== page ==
Prebiotics or probiotics…
I am sure you all have heard, read and/or used probiotics at some point during your life. Basically, probiotics refer to the good bacteria that resides inside your GI-tract (your gut). Did you know that there are over 100 trillion good bacteria, 1000+ species and between 7000 – 9000 strains of these species, inside of you? Indeed, that is something to think about!
Where does the word probiotics come from? In Latin “Pro” means “for” and “biotic” means “life” or “bios.” Probiotics are live microscopic organisms that reside in the GI-tract (gut) and are “pro-life.”
These good bacteria are essential as it helps the body to not only absorb the necessary nutrients from the food we eat, but it also aids in improving the immune function and supports the integrity of the intestines’ wall.
Prebiotics refer to the non-digestible carbohydrates that trigger the growth of the good bacteria in the gut. An example is soluble fibre inulin (found in wheat, bananas, garlic, onion, asparagus and artichokes).
Let us quickly talk about the gut. It consists of the small and large intestine. This is the part where energy is extracted from food, where nutrients (like vitamins and minerals) and water are absorbed, and where waste is removed (through the colon and ultimately the rectum).
So now the big question is: do you take probiotics or not?! According to Doctor Mikhail (Mike) Varshavski, the average, healthy person does not need to take a supplement. However, there are times when it is needed:
- If you are taking / has taken antibiotics;
- Have traveller’s diarrhoea;
- Have antibiotic-associated diarrhoea;
- Have ulcerative colitis or leaky gut-syndrome;
- If a child has NEC (necrotizing enterocolitis);
- If you are on the Pill;
- If you are taking pain-medication;
- If you are taking anti-inflammatory medication;
- If you are suffering from food poisoning;
- If you are suffering from yeast infections and/or problem skin;
- If you are depressed or moody;
- If you have food cravings.From the above we can see that most of the time, when the equilibrium (balance inside the gut) has been changed, destroyed or disturbed, our body reacts in a negative way (because its natural state of balance has been disrupted). For example, if you suffer from depression or moodiness, there is a very good chance that there is trouble in the gut. Why? Because probiotics can increase serotonin production (the “happy” hormone that is a neurotransmitter) and 90% of it is actually made in our digestive system! No wonder the gut is called the “second brain” by so many! Studies have found that there is a definite connection between the gut and the mind, which influences your appetite, your emotions and your mood! Communication between these parts of our body takes place via the brain-gut-axis and signals flow in both directions. There is a network of neurons distributed in the gut’s wall, known as the enteric nervous system and these nerves are more than that in your spinal column! No wonder your stomach “ties into a knot” when you are nervous or stressed and many people stop eating as well!So, how do you keep the balance between the good and the bad bacteria in your gut?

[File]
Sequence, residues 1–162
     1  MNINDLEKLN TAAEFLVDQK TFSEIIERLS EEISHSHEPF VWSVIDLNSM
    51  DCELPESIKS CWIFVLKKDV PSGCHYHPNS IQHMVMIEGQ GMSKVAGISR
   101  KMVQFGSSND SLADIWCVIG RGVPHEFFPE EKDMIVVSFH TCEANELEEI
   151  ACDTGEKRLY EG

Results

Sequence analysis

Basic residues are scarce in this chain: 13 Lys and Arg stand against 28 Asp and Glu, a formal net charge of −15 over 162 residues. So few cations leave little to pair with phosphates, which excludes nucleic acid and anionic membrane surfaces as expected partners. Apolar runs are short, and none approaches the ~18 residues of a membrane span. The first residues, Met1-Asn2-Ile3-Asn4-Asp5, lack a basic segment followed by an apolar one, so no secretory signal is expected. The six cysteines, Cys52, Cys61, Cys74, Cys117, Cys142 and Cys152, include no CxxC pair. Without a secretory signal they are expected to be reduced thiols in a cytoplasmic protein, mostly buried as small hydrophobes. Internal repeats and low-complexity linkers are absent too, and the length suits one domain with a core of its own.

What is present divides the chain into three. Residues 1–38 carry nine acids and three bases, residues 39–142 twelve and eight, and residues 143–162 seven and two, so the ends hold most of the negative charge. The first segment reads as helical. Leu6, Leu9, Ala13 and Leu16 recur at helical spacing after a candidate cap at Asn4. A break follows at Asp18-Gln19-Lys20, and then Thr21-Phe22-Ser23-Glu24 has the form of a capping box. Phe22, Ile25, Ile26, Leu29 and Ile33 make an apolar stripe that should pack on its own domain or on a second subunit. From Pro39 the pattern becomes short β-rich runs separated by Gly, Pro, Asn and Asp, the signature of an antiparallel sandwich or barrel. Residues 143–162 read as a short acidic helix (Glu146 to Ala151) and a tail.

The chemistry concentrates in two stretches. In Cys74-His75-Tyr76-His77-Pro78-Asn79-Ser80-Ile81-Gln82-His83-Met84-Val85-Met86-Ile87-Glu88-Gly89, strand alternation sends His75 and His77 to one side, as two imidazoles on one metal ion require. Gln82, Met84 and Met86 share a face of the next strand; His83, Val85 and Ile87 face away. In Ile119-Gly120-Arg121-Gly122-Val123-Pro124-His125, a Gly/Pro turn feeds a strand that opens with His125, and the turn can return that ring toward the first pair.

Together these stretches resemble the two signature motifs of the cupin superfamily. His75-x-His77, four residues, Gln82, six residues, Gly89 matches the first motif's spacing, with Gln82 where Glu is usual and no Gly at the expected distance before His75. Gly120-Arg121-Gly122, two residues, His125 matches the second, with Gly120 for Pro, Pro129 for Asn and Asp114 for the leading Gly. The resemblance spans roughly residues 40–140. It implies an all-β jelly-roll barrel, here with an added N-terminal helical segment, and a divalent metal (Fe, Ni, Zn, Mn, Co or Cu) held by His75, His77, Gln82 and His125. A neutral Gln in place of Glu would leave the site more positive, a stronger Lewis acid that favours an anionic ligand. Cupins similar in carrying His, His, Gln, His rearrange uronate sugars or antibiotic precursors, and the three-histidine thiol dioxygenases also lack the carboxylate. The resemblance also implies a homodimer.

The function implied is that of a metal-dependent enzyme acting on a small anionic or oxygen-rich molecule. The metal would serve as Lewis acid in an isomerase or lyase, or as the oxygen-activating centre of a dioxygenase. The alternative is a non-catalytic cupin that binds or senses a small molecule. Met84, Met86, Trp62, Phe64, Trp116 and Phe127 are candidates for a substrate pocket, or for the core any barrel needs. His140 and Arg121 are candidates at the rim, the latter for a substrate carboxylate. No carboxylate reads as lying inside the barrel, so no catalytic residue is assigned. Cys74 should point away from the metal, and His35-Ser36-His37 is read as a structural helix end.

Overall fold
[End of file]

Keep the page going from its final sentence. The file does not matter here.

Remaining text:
- Our bodies function as a unit and no organ is more or less important than the other. As with the prebiotics and probiotics, there must be an internal mutualism and balance in our whole body in order to survive and function optimally.
- I want to end of with a quick story that I heard many years ago. The body’s organs were arguing over who is the most important. The lungs said “we were” for breathing; the brain said it was, because it tells the organs how and when to work, and so forth. When the stomach said it was, all the other organs laughed…. until it started shutting down and the body started to get headaches, got thirsty, moody, depressed, constipated, bloated, and so on!
- Lastly; speak to your health practitioner before you start taking a supplement. There are so many different varieties and brands to choose from that it can be overwhelming. Look at the dates, how to store it and the CFU’s (5 billion or more is a good number), and try to use enteric-coated probiotics.
- Minimize and/or stay clear of refined carbohydrates (white pasta, white bread, etc), sugars (even artificial sweeteners), overuse and/or inappropriate use of antibiotics, get a good night’s sleep and get rid of stress, especially chronic or prolonged stress. Learn to meditate, do exercises (yoga, walking, swimming, anything that will take your mind off your worries) and breathe!
- By choosing foods rich in probiotics and making healthy choices. For example, yoghurt, cottage cheese, buttermilk, kefir, aged cheeses, miso, tempeh, lassi, fermented foods like sauerkraut, and pickled foods, are all rich in probiotics.
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By: Ezette Viljoen (Health & Fitness Editor)